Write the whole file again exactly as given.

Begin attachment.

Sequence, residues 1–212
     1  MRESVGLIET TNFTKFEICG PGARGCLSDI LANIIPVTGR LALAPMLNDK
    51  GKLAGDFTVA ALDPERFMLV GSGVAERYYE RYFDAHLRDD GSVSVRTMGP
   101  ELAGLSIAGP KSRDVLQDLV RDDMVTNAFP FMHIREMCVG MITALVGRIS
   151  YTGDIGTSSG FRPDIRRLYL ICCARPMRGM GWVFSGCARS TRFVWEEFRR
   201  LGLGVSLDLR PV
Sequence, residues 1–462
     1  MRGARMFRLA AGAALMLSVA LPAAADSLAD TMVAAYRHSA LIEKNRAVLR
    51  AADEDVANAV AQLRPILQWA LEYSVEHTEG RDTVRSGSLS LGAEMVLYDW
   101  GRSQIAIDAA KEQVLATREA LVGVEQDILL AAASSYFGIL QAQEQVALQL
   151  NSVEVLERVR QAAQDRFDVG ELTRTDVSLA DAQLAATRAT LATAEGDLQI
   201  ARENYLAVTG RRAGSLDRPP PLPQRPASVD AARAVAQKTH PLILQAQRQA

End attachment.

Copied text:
Sequence, residues 1–212
     1  MRESVGLIET TNFTKFEICG PGARGCLSDI LANIIPVTGR LALAPMLNDK
    51  GKLAGDFTVA ALDPERFMLV GSGVAERYYE RYFDAHLRDD GSVSVRTMGP
   101  ELAGLSIAGP KSRDVLQDLV RDDMVTNAFP FMHIREMCVG MITALVGRIS
   151  YTGDIGTSSG FRPDIRRLYL ICCARPMRGM GWVFSGCARS TRFVWEEFRR
   201  LGLGVSLDLR PV
Sequence, residues 1–462
     1  MRGARMFRLA AGAALMLSVA LPAAADSLAD TMVAAYRHSA LIEKNRAVLR
    51  AADEDVANAV AQLRPILQWA LEYSVEHTEG RDTVRSGSLS LGAEMVLYDW
   101  GRSQIAIDAA KEQVLATREA LVGVEQDILL AAASSYFGIL QAQEQVALQL
   151  NSVEVLERVR QAAQDRFDVG ELTRTDVSLA DAQLAATRAT LATAEGDLQI
   201  ARENYLAVTG RRAGSLDRPP PLPQRPASVD AARAVAQKTH PLILQAQRQA